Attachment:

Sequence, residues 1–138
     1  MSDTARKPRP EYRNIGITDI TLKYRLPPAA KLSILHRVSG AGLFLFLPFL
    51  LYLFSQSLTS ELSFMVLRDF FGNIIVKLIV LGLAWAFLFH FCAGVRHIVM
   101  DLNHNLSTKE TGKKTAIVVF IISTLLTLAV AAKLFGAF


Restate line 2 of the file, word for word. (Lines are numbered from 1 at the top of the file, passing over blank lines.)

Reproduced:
     1  MSDTARKPRP EYRNIGITDI TLKYRLPPAA KLSILHRVSG AGLFLFLPFL